Josh Bourne ⬥ 17 July
A recent Slate article titled “www.thosenewdomainnames.areforsuckers,” caught my attention last week. With all the controversy over ICANN’s planned rollout of a potentially unlimited number of new generic top-level domains (TLDs), I found the frankness of the title refreshing. As someone who works closely with brand owners, both at FairWinds and CADNA, I have been wary of the prospect of opening up the domain name space in such a radical way. The article explains ICANN’s plan for launching new TLDs with what I thought was an appropriately critical tone, questioning whether or not there actually exists a need for new TLDs. But as the article progressed, I realized that the reporter’s reasoning was completely off base. He actually asserts that cybersquatting is no longer a problem, and that the new TLD program is pointless because “domain names themselves just don’t matter that much nowadays.” He claims that most people use search bars to navigate the Internet, and that browsers are now sophisticated enough to be able to “tell” what site the user is looking for, citing Google’s Chrome in particular.
FairWinds has conducted studies that prove that all users, at some point or another, use direct navigation to browse the Internet. Domains do matter, because eventually all users type a domain directly into the address bar in hopes of finding the content they are seeking. Furthermore, nearly all print, radio and TV advertising directs consumers to a Web site, not to Google. Advertising supports users going directly to a Web site, and both user behavior and the enormous traffic to millions of typo- and combo-squatted domains demonstrate it. After all, the vast majority of the tens of millions of cybersquatted domains exist to court type-in navigators.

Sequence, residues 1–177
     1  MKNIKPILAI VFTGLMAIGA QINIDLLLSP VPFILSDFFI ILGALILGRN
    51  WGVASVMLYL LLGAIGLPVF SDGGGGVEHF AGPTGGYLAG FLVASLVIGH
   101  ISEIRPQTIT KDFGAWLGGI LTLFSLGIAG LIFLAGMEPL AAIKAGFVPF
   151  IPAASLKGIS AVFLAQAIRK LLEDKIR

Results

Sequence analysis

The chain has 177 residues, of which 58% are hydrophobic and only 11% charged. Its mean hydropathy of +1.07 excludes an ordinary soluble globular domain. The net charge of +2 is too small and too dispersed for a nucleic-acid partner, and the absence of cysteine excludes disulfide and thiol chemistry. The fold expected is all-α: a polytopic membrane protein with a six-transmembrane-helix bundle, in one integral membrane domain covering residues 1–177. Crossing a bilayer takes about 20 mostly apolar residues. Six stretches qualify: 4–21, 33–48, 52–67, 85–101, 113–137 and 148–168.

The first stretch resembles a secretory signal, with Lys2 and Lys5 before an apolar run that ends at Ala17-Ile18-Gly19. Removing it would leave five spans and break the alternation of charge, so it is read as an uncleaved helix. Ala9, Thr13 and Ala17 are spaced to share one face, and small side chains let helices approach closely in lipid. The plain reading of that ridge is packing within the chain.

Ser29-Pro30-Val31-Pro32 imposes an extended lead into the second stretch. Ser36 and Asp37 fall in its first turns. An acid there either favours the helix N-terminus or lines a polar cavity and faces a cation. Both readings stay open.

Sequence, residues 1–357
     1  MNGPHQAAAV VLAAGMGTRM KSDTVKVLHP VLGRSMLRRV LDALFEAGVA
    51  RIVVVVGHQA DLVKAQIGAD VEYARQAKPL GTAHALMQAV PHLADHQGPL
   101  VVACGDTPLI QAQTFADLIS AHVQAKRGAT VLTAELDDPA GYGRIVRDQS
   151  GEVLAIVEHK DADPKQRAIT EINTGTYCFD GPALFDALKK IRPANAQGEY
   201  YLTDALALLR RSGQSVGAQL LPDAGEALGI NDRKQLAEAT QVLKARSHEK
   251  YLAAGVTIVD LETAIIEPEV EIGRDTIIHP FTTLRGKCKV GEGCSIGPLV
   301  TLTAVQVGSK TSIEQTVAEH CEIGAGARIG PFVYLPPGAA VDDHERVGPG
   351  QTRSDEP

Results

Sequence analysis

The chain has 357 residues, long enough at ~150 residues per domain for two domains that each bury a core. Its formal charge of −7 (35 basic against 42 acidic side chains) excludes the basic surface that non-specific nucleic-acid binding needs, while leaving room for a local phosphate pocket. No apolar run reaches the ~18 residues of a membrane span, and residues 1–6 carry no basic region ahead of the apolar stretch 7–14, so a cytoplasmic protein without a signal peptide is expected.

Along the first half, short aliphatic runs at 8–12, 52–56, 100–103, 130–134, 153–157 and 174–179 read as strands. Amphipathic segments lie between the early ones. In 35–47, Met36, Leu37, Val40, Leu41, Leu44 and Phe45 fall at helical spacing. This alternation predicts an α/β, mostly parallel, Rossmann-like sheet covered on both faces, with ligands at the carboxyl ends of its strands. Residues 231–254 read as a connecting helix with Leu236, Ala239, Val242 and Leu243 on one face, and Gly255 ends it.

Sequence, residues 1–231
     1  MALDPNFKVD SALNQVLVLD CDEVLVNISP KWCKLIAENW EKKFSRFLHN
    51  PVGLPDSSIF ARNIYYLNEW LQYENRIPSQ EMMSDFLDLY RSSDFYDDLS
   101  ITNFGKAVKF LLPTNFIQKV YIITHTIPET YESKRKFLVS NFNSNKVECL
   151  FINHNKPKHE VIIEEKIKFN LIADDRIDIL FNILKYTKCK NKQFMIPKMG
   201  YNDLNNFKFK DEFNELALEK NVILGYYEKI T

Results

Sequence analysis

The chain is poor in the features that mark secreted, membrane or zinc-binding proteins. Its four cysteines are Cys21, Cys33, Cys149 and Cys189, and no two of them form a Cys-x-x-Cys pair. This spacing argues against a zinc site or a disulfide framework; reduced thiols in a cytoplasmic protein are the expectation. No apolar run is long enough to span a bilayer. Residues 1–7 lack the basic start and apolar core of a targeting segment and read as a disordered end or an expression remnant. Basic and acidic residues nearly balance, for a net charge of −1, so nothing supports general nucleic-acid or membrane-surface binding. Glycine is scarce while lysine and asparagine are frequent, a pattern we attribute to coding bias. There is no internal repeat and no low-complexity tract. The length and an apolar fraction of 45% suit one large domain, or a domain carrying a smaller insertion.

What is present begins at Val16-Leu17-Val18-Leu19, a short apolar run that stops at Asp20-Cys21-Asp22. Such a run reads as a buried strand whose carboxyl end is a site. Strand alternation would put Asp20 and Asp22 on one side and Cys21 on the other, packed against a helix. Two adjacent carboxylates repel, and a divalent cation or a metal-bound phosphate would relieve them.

Cybersquatters understand advertising and user behavior very well, which explains why cybersquatting has continued to increase every year. This article failed to recognize that fact, and also failed to realize how likely it is that opening up with domain name space with unlimited TLDs will exacerbate the problem. Instead, the author claimed that cybersquatters have moved on to social networking sites, insisting that getting one’s identity on Facebook and Twitter is much more important than getting a good domain. This may be true for individuals, but for businesses, a Twitter account or a Facebook page does not even come close to the legitimacy of a good domain name.
Consumers expect to be able to find a business online via its own web page, not to have to sift through social network pages to interact with the brand. And by making a slew of new TLDs available, it will be even harder for consumers to quickly access the brands they seek. If it’s so hard for consumers to remember domains now, as the article attests, how will they possibly remember – across all the products and services they seek out online – if the domain is brand.com, city.brand, product.brand, brand.brand, etc…?
Even though it began so promisingly, this article completely missed the mark on cybersquatting, how domain names are used, and the expansion of the domain name space. These are issues of concern not just for businesses, but ones that will ultimately affect the online experience for everyone, particularly for consumers and everyday users. With so many conflicting interests at stake, it is critical to have accurate information about these issues.
Tags: advertising, brand owners, browser, CADNA, cybersquatting, direct navigation, domain names, Facebook, FairWinds, Google’s Chrome, ICANN, Internet, radio, Slate, Social Media, TLDs, TV, Twitter, user behavior, Web site